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Osteoporosis: How to have strong, healthy bones

person's foot and leg with skeletal structure showing

Many people think poor bone health and osteoporosis are a problem for the elderly — but they can strike anyone. With the right foods and exercise, however, you can protect bone strength.

An ex-swimmer who drank lots of milk as a kid, Suzanne, now 42, assumed she had strong bones until she fell, broke her wrist, had a bone density test, and discovered she had osteoporosis. Shocked, but determined to do something about it, she found it wasn’t too late to make changes and improve her bone health.

Osteoporosis or ‘porous bone’ is a condition where mineral loss from bones causes them to become weak and brittle, which can increase the risk of fracture. Worldwide, osteoporosis causes more than 8.9 million fractures annually. CEO of Osteoporosis Australia, Greg Lyubomirsky, says a one in four of the population have low bone density, but will only find out when they fall and sustain a fracture or break. Once considered an ‘old person’s disease’ since it mainly affects those over 65, osteoporosis can be diagnosed at any stage of life. It also doesn’t discriminate between men and women.

Bone is a living tissue that throughout your life is continually being broken down and replaced — a process called remodelling. Until your early–20s, more bone is being produced than broken down, so bone mass increases, before peaking in your late–20s. From your mid–30s onwards you start to lose bone mass. The rate at which this happens is dependent upon two main factors — exercise, and what you eat. We show you how to manage these challenges — and reduce your risk of osteoporosis.

2 ways to build and maintain healthy bones

1 Weight-bearing exercise

Australian physiotherapist Ruth Tetley, who has a special interest in bone health, says it’s the tug of muscle against bone when you’re doing weight-bearing exercises that helps make bones stronger.

“While walking can benefit bones in your lower spine, hips and legs, it’s important to include exercises that build upper body strength.”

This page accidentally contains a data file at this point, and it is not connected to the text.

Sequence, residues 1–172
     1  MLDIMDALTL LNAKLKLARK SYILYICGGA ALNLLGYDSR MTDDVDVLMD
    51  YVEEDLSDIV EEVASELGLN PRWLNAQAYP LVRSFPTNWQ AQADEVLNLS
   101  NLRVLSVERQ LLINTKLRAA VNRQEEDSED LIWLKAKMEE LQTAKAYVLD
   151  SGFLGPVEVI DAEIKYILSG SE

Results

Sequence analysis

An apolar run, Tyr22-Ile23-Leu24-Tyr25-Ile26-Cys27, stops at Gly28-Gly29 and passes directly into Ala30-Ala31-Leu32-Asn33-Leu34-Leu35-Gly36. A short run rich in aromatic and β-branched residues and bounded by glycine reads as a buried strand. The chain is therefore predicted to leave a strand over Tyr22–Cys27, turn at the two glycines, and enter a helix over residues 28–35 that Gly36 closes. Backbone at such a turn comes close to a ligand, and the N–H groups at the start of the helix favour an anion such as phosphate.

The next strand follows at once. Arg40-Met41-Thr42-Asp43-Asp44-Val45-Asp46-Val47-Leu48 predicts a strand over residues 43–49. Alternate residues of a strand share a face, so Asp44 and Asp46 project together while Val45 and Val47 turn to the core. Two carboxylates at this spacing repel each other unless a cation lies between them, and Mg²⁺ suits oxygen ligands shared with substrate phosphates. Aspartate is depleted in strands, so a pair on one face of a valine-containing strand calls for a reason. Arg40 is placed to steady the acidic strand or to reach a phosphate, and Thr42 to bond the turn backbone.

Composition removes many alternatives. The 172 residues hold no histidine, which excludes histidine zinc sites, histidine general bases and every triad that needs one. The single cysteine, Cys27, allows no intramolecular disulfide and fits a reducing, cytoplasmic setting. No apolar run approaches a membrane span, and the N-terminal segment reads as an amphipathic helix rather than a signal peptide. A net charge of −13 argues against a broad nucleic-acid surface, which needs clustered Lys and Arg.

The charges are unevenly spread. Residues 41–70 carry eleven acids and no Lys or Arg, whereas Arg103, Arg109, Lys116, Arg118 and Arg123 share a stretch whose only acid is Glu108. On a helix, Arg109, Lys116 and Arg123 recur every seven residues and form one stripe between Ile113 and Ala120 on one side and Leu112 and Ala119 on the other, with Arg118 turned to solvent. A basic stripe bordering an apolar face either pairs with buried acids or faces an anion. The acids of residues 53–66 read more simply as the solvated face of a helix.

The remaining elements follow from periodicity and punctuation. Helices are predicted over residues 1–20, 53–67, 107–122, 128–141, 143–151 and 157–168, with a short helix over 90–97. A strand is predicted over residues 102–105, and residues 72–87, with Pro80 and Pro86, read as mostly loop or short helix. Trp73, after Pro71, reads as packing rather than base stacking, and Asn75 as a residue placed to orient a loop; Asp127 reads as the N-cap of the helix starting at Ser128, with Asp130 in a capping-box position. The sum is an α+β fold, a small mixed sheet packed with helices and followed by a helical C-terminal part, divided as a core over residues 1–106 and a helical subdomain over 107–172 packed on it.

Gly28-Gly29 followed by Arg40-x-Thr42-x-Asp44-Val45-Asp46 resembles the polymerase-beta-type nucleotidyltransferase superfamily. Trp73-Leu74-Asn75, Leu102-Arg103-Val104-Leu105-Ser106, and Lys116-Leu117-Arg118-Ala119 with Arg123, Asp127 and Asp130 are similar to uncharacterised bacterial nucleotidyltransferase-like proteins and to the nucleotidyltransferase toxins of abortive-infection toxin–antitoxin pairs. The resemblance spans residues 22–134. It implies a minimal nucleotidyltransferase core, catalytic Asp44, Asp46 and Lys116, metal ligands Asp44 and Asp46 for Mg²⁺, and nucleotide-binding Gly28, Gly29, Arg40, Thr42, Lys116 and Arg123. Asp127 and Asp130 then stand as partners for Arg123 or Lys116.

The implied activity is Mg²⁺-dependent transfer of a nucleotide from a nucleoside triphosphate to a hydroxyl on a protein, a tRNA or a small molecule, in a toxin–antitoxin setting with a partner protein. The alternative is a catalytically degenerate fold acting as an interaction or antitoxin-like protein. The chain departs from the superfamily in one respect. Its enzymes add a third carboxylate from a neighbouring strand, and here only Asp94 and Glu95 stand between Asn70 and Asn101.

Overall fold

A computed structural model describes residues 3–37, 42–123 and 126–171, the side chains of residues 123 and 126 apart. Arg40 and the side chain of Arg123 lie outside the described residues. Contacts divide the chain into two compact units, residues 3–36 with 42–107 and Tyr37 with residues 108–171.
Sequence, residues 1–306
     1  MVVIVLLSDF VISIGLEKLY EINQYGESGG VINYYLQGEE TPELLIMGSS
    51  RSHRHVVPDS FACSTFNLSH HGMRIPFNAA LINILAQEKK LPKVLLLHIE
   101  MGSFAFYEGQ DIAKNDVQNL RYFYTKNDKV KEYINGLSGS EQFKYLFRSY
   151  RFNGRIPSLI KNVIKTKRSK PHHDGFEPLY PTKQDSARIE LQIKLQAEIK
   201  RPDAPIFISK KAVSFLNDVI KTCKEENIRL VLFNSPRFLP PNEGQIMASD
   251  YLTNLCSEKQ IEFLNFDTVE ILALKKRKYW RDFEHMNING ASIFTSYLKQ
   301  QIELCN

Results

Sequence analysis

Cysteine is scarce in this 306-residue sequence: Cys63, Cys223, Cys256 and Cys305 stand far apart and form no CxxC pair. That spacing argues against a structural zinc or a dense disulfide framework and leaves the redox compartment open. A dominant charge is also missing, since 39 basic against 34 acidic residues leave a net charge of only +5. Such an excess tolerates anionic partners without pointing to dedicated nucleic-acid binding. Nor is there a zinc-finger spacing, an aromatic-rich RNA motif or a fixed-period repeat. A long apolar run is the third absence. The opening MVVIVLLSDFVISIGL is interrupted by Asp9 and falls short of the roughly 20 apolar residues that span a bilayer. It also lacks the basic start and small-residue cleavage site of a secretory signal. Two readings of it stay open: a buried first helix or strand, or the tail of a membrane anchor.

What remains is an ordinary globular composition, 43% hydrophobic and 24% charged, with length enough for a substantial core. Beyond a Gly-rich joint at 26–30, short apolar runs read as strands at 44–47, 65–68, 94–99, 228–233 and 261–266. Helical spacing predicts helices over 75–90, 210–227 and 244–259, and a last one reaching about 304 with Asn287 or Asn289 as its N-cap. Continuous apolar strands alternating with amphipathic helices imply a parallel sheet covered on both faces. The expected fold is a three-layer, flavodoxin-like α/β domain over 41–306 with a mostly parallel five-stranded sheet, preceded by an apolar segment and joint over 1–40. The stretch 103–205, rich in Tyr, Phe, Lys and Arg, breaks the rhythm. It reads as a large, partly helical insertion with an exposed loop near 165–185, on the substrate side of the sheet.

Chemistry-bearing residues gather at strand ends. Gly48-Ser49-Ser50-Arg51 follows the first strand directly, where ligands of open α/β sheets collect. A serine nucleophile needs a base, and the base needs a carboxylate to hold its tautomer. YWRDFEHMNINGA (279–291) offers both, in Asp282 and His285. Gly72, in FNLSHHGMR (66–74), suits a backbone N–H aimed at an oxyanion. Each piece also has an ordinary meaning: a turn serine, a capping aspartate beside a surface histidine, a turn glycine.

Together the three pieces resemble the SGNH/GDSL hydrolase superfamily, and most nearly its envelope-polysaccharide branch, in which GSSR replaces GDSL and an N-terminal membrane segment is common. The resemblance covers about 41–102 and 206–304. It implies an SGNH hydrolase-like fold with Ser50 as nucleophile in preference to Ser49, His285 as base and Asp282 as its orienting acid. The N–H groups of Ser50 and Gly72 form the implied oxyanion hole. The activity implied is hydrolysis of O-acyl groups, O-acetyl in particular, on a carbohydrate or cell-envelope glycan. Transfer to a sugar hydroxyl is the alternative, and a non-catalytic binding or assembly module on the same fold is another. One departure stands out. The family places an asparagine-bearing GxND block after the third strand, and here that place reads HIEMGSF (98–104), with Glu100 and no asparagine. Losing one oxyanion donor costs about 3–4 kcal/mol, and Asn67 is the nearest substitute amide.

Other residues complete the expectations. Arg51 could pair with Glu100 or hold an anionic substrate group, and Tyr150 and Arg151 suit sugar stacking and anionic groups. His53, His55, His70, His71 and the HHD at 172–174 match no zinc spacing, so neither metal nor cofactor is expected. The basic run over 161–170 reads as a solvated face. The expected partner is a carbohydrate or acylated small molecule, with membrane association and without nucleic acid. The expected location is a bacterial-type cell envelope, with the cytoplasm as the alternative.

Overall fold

She suggests Pilates or yoga three times a week, saying “the bonus of both of these exercises is they also improve balance and coordination, reducing the risk of falls now and in the future.”

Consume bone-building foods — especially calcium

Most people know that calcium is required for strong, healthy bones, yet almost three-quarters of us don’t meet our calcium requirements. Your bones are like a ‘bank’ that holds on to 99 percent of your body’s calcium.

If your food intake lacks calcium, your body will ‘withdraw’ calcium from your bones and then use it to support other essential body functions like muscle and nerve operation. If you have an ongoing calcium overdraft, you can increase your risk of osteoporosis.

Calcium intake is of particular importance during childhood and adolescence to help achieve peak bone mass, as well as during and after menopause.

Oestrogen has a protective effect on bones. When estrogen decreases during menopause, there is an increase in bone breakdown. Decreasing testosterone levels also affect bone mineral density in men as they age. Bones need the vitamins, minerals and protein below to regenerate…

Are you at risk of osteoporosis?

There’s no question your body needs an adequate calcium intake. But there are other factors that increase your risk of osteoporosis that you should be aware of. They include:

➜ A family history of the condition
➜ Early menopause
➜ Long-term use of steroid medication or reflux medication
➜ Medical conditions that affect nutrient absorption — such as undiagnosed or poorly-managed coeliac disease, Crohn’s disease, or ulcerative colitis
➜ Being 65 years or older for women, or 75 years or older for men
➜ Low Vitamin D levels. Vitamin D helps with calcium absorption
➜ Smoking
➜ Excessive alcohol intake — more than 10–14 standard drinks a week
➜ A very high caffeine intake
➜ An excessive salt intake

Top 6 foods to boost bone health

1 Dairy

While dairy is an easy way to achieve your calcium needs and is protein-rich, some choose plant-based alternatives. If this is you, make sure these alternatives are fortified with calcium.

2 Dried fruit

Try dried figs to increase calcium intake, dried prunes for vitamin K, and apricots, prunes and raisins for magnesium.

3 Nuts and seeds

Unhulled tahini, almonds and Brazil nuts are good sources of calcium, while pumpkin seeds provide zinc. All are an excellent source of protein!

4 Leafy green vegetables (except spinach and silverbeet)

Cabbage, kale and Asian greens are good sources of calcium, Vitamin K and magnesium. Half a cup of cooked greens each day can provide what you need.

5 Legumes

These are ideal sources of protein, and good providers of magnesium, zinc and fibre. Legumes are important for good gut health, and help to boost the absorption of nutrients.

6 Tinned salmon or sardines

The bones in tinned fish are an excellent way to increase your intake of calcium. Fish is also an important source of protein and magnesium.

What a day’s calcium on a plate looks like

With a recommended daily intake (RDI) of 1000mg calcium per day for most adults — what does this actually look like?

Example 1

170g tub yoghurt (400mg) + 95g tin of red salmon (215mg) + 3 dried figs (114mg) + 2 tablespoons tahini (132mg) + 10 Brazil nuts (50mg) + 1 cup chickpeas (90mg) = 1001mg

Example 2

150g firm tofu (480mg) + 1 cup cooked bok choy (125mg) + 2 tablespoons almond butter (132mg) + 30g reduced fat cheddar cheese (250mg) + 1 orange (50mg) = 1037mg

Date modified: 1 November 2021
First published: Sep 2020


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